How to Add More Fiber to Your Diet
Most people would benefit from adding more fiber to their daily routines. For optimal health, it’s recommended that men consume about 38 grams of fiber daily, and women consume about 25 grams of fiber daily. However, only about five percent of people in the United States are consuming the recommended daily intake.
Luckily, there are many easy ways to add more fiber to your diet.
You may choose to increase your intake of fiber through dietary sources, or you may choose to incorporate a daily fiber supplement to ensure adequate intake.
To increase your fiber intake through foods it’s best to incorporate more plant foods such as vegetables, fruits, beans, seeds, and whole grains. Some of the foods highest in fiber include dark leafy greens, cruciferous vegetables like brussels sprouts or broccoli, berries, chia or flax seeds, avocado, and oats, to name a few. Unless you are planning out your meals and cooking at home on a daily basis, meeting the recommended amount of fiber can be quite challenging. Therefore, taking a fiber supplement can be an easy way to boost your daily fiber intake.
Pregnant women, in particular, may benefit from a fiber supplement, because it can just help simplify their busy routine. When choosing a fiber supplement, it’s important to choose one with no artificial ingredients or additives. Naked Fiber is one of the best gut health supplements that contain only one ingredient: naturally dehydrated baobab.
Baobab is a fruit that’s grown in Southern Africa and is known for its impressive fiber content. In just one serving, you’ll get nearly 20% of your daily fiber needs. You can simply mix in a scoop with any beverage you like, or add it to cereal or baked goods.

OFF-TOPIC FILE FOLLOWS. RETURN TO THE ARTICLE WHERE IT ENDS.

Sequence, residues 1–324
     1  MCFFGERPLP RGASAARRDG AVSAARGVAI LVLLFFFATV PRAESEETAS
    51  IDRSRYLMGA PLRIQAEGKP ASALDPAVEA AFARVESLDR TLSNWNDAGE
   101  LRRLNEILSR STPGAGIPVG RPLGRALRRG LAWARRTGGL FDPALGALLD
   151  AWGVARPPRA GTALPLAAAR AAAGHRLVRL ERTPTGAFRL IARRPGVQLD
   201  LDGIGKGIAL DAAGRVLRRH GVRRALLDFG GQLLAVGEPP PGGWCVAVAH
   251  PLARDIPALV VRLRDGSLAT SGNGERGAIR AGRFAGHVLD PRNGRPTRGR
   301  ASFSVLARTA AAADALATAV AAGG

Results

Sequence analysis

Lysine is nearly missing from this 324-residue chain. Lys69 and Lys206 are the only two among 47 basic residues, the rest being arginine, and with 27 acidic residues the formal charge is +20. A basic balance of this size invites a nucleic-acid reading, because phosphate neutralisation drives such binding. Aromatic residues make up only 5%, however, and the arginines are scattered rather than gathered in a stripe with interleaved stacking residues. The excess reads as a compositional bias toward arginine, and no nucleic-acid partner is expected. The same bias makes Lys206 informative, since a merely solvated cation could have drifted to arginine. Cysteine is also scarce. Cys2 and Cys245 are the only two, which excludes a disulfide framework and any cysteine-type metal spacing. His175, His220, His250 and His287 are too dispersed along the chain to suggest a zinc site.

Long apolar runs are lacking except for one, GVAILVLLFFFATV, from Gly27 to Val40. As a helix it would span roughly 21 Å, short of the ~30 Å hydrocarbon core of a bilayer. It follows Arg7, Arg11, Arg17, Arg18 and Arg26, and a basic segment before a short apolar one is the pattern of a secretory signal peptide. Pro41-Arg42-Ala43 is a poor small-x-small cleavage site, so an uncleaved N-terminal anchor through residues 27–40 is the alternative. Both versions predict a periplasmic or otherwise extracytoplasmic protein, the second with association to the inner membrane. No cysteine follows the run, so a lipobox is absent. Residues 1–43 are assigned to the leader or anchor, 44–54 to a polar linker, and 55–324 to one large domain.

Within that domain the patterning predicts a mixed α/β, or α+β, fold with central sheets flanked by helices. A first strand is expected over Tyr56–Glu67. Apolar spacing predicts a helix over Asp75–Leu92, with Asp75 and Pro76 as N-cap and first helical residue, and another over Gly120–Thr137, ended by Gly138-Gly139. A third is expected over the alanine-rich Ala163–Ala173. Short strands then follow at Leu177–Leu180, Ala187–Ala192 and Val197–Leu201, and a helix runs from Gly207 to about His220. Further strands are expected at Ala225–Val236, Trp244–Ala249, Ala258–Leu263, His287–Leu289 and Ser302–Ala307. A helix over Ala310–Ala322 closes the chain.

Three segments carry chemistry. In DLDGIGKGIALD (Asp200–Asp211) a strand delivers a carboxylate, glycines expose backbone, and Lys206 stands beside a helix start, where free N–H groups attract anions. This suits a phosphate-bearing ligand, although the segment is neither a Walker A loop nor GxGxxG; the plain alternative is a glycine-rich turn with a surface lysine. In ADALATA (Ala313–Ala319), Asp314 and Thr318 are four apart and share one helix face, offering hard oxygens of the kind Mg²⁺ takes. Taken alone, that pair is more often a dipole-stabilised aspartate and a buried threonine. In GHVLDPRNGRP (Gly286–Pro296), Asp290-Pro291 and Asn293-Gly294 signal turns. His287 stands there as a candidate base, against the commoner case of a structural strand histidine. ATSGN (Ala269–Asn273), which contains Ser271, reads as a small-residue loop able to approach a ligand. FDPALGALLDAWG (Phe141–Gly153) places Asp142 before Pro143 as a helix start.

The recipe below is one way to have a healthy breakfast that is both tasty and rich in fiber.
Fiber-Rich Banana Oat Pancakes
- 2 medium ripe bananas
- 2 eggs
- 2 scoops of Naked Nutrition fiber supplement
- ½ cup milk of choice
- 1 tsp vanilla extract
- 1 ½ cups rolled oats
- 2 tsp baking powder
- ½ tsp cinnamon
- ¼ tsp salt
- Cooking spray
- Add all ingredients to a blender and blend at high speed for about 1 minute.
- Heat up a pan over medium heat and lightly coat with cooking spray. Once the pan is hot, add about ¼ cup of batter to the pan. Cook for about 2-4 minutes until the pancake is slightly puffy on the sides.
- Flip the pancake and cook until it’s golden brown. Adjust the heat as needed.
- Feel free to add fillings of your choice such as berries or bananas. Top with maple syrup, a dash of cinnamon, and some chopped walnuts, as desired.
Author & Registered Dietitian:
Ashley Sobel, MS, RD
Ashley Sobel is a Registered Dietitian based in New York City. She obtained her Master’s degree in clinical nutrition from New York University. Although she works with many populations, her expertise lies in digestive health and eating disorders. Ashley uses an evidence-based approach that integrates gentle nutrition and lifestyle strategies to address the root cause, helping people create mindful and sustainable habits to support their goals.